top
Closing fast 09: Which prefab will win?
12/9/2015
Figure © Staatliches Schtschussew Museum für Architektur, Moskau

Now that the evenings are long and dark the time has come to play games. So why not play Happy Families again? Best of all with a set of cards on the Soviet Union’s standardized housing construction. In particular since “the prefab” (in other words, the construction of larger housing units with prefabricated parts in a variety of forms) seems to be experiencing a massive renaissance given the lack of adequate housing for low-income families and the many refugees coming to Europe.

And no, you won’t find any signature buildings in the game. But when you read the “leaflet” (consult your architect or publisher about risks and side effects) it transpires that Soviet mass housing construction was ubiquitous and on such a huge scale that it represents a unique phenomenon. The residential towns it gave birth to shaped the everyday life of Soviet citizens. No town escaped the intensive use of standardization. In the 1960s prefabs formed the basis for over 90 percent of all residential buildings in the former USSR.
That said, it should not be overlooked that the system was devised for modification, which led to numerous variations in combination with differing regional construction cultures.

The serial design method, which is the main principle of standardization, was introduced as early as the mid-1940s. Shortly afterwards, the standard designs were integrated into a comprehensive designation system. 1957 is seen as key to developments: It was the year Nikita Khrushchev recognized the need to quickly provide every family with inexpensive housing, which led to a completely new system of serial mass housing construction and the creation of so-called “microrayons” – independent estates of prefabricated housing outside the town center.

Start playing and you notice immediately: With four to nine storeys the first generation of these buildings was relatively compact. That changed in the 1960s, when there could be as many as 16 storeys, and the number of units per block increased to 200 and more. The generation realized in the 1970s and 1980s got taller still and appears more monotonous in many regards. So before starting to play you should first agree whether a building with as many units as possible wins, or one with less. Mind you, my favorite card is a joker. It depicts not a prefab but a cosmonaut in front of a disc with the signs of the zodiac, decoration that once adorned a building in Tashkent:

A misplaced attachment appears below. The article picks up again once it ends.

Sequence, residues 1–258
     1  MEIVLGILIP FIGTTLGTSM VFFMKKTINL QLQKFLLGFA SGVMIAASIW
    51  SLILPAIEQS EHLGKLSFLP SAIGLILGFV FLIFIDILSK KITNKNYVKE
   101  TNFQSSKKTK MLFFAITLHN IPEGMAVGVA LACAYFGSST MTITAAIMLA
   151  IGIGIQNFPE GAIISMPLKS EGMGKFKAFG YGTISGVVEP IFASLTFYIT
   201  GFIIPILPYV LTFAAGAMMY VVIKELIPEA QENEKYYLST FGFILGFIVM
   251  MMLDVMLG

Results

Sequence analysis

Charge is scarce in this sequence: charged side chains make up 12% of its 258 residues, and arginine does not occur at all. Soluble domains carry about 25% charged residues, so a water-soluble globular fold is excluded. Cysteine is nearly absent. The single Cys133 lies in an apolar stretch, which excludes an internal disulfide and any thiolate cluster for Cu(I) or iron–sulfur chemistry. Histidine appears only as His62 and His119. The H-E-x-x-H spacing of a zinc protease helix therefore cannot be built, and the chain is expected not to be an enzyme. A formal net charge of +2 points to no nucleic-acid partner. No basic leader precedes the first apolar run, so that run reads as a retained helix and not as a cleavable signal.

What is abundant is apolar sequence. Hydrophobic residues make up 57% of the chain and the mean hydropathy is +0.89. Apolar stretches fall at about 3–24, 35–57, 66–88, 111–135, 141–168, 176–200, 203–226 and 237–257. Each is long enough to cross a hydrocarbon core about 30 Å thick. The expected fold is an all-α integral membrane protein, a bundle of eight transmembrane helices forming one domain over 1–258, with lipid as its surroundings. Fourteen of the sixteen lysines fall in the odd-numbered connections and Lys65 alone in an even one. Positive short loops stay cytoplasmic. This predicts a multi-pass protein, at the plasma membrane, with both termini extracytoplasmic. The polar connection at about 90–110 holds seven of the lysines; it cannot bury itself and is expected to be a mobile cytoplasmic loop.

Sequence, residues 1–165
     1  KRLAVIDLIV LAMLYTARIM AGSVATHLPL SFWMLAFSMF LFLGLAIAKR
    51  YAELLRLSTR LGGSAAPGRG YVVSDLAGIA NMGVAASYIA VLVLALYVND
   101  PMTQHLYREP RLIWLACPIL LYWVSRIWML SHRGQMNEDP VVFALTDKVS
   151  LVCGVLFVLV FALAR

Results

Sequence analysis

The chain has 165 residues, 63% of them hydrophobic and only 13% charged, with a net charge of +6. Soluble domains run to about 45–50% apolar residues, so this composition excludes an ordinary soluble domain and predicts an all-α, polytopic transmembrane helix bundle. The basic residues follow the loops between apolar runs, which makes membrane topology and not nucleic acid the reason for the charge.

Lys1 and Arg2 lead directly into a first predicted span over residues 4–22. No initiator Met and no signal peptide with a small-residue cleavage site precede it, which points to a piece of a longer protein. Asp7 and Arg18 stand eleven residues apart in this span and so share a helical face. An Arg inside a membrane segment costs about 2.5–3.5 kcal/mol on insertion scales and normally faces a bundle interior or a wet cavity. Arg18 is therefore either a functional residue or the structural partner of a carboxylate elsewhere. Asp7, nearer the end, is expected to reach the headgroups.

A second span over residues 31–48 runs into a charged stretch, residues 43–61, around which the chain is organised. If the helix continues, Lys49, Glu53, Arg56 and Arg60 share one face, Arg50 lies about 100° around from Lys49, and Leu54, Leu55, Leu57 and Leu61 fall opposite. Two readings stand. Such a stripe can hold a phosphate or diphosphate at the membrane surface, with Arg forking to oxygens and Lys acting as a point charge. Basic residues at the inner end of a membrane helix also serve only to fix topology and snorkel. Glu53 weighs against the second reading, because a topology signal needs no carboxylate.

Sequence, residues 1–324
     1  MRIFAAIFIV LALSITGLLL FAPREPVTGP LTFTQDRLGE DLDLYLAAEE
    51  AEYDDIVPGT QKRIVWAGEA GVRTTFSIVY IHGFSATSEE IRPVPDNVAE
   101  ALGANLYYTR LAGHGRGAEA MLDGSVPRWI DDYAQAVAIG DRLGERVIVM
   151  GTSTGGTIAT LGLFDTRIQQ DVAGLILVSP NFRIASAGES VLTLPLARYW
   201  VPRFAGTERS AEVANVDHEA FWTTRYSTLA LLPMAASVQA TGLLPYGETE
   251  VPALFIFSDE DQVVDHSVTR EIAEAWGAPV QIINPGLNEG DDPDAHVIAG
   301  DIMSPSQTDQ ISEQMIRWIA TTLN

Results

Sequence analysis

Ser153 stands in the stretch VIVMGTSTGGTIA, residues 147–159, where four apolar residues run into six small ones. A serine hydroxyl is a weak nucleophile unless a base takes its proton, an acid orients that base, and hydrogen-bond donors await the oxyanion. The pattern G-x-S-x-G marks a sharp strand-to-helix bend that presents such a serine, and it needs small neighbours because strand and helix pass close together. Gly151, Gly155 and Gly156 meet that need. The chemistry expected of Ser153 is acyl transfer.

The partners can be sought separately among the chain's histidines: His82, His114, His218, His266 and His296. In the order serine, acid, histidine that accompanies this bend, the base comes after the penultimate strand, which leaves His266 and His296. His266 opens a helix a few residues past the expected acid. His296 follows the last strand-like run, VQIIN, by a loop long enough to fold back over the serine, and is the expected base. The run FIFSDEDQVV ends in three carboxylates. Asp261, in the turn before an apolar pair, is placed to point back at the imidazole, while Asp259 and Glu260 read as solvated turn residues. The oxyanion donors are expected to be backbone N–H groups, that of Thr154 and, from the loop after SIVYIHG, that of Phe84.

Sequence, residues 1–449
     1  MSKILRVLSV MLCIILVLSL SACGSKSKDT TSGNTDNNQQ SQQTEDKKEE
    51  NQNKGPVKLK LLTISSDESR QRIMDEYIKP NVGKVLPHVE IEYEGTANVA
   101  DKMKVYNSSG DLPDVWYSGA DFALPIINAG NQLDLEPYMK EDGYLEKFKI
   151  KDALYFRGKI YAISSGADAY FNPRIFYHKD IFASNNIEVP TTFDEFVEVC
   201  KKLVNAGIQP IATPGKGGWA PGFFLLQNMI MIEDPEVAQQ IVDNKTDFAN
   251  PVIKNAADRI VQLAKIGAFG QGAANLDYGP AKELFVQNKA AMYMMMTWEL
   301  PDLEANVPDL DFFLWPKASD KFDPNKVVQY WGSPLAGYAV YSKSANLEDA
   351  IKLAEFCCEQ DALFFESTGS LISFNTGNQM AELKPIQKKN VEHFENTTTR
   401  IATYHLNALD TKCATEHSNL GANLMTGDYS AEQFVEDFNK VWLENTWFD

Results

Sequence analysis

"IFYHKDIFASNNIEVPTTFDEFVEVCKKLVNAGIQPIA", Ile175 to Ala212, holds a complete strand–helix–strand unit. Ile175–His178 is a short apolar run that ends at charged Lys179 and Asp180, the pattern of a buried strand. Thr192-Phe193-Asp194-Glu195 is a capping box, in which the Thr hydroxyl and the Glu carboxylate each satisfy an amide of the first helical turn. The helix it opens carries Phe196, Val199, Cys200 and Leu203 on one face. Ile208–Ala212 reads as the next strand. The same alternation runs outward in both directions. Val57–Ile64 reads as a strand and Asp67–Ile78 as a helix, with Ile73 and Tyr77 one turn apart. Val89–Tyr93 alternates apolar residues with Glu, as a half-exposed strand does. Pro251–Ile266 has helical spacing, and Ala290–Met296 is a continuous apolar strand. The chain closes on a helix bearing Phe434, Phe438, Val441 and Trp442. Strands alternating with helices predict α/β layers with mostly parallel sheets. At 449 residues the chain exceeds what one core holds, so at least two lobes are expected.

Those wishing to delve deeper into the subject matter should look at “Belyayevo Forever”, a book about the typical everyday architecture of a microrayon. Belyayevo is the home of many renowned artists, in particular those advocates of Moscow Conceptualism. Initiated by Rem Koolhaas at the Streika Institute, the book forges a link to the action and performance art of concept artist Dmitri Prigov, and its author, Polish architect and academic Kuba Snopek, argues the district whose façades and squares were redesigned by artists should be included on the UNESCO world heritage list. Alternatively, you could simply consult Philipp Meuser’s extensive study “Die Ästhetik der Platte” (The Aesthetics of the Prefab). (tw)

Soviet Mass Housing 1958-1980
37 cards, 36 with images plus one card with instructions on the back
1 leaflet with information on Soviet serial mass housing
Card format 65 x 100 mm in case of glass-clear polystyrene
Cards made of cardstock, lacquered on both sides
DOM publishers, Berlin 2015
ISBN 978-3-86922-343-8 (German)
ISBN 978-3-86922-443-5 (English)
Each EUR 9.95

Kuba Snopek
Belyayevo Forever
A Soviet Microrayon on its Way to the UNESCO List
Volume 39 of Basic Series
192 pages, 130 ill., soft cover, English/Russian
DOM publishers, Berlin 2015
ISBN 978-3-86922-438-1
EUR 28

Philipp Meuser
Die Ästhetik der Platte (The Aesthetics of the Prefab)
Wohnungsbau in der Sowjetunion zwischen Stalin und Glasnost
728 pages, over 1,400 ill., hardback with dust jacket
DOM publishers, Berlin 2015
ISBN 978-3-86922-399-5 (German)
EUR 98

Figure © DOM Publishers, compilation Stylepark
Figure © DOM Publishers, compilation Stylepark
Figure © DOM Publishers, compilation Stylepark
Figure © DOM Publishers, compilation Stylepark
Figure © DOM Publishers, compilation Stylepark